2. Tracy3 years ago

    I stayed at home with my children by choice. When my youngest started school I planned to work. When she started Kindergarten I realized I still needed to be home because the kids couldn’t stay home alone when they were sick and we don’t have family near by. I now run daycare in my home. I am licensed and as such am limited by the state to 6 kids. I need to make it worth my time, expenses of running the daycare, and state fees. I charge $3/hr for the first child and $2/hr for each additional sibling. I have to pay for my income taxes, heat, water, garbage, food, electricity, and supplies out of that money. I have parents that shorten their hours to keep down their costs but I don’t know what parents expect. What is more important than good care for your child?

  3. Rachel3 years ago

    Childcare for my ONE toddler is just under 50% of my salary. If/when my husband and I have another child, it will not be affordable for me to work.

  4. Jane3 years ago

    Informative article. Never knew so many women had to quit their jobs owing to childcare fee issues. I’m in fact looking for a good day care unit for my 1 YO daughter. Lately people suggested Weewatch childcare . Please share your experiences and knowledge about the same. Thanks in advance.

  5. brian3 years ago

    and i paid $50,000 for a university degree that only put me in debt.

  6. Taylor3 years ago

    Childcare for my 2 children would be $325/week (plus food, diapers, wipes, etc), or $1,400/ month. Due to lack of Affirdable childcare I have had to quit working. The real issue here is not only money, but how this type of financial strain impacts the emotional stability of mothers. With our combined income being just over $1,900/month, childcare is simply not an option. Must be nice to have family or friends who are willing to help. I’m glad that there are those out there who have family nearby. Perhaps they have been able to withstand the emotional toll of sleepless nights & days-off-work because if stomach virus… Someone was there to help. America is all profit, but no help. Articles like this should be the first piece in putting together the puzzle of complex social & personal issues- like post-part depression. Just my thoughts.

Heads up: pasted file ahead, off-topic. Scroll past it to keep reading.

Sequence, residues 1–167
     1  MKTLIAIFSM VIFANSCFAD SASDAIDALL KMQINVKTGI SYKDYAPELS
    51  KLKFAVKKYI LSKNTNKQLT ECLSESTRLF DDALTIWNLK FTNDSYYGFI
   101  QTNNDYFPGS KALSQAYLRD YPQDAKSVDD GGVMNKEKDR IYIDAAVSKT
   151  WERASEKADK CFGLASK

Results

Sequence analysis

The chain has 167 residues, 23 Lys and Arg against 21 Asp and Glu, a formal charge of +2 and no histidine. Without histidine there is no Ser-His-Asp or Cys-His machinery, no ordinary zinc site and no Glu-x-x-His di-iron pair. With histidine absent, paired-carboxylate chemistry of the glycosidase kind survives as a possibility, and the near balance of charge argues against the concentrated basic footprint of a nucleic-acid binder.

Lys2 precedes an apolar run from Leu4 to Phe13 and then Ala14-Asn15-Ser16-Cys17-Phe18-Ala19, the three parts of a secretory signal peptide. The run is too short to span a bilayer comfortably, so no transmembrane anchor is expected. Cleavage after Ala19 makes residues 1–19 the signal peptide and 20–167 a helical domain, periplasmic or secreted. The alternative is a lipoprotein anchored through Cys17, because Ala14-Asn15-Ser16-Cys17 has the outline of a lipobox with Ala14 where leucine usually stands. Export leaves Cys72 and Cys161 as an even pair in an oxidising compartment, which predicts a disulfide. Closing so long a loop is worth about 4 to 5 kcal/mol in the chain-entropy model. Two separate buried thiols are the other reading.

1. Ebony3 years ago

      I totally and completely agree with you. I’m currently going through this right now. I would love to start some kind of organized group for mothers who would love to work even part time. Just amongst us mothers and create a safe environment for our children.

      1. Deanne Mattice3 years ago

        That would be called a coop and it’s completely doable. Raising children is the most challenging job of all with the greatest intrinsic rewards. Nothing like watching your children grow. A coop would give you the opportunity to work and raise your children and give your children the benefits if socialization and a home environment. Go for it.

  7. Andrea3 years ago

    I am a married working mother of two and have been my entire career. Affordable and dependable childcare have always been an issue for me and my husband. When my children became old enough to attend school I realized that I would be paying almost as much in before and after school as I would be if I paid for private education. Since then they have attended a private school. At the moment it is approximately 9.3% of my income, not our combined income.

    Childcare for parents with long or odd hours is also difficult to find unless its in someone’s home and that isn’t always preferred or even an option. Not being able to find childcare with flexible hours can cause financial and family strain and stress.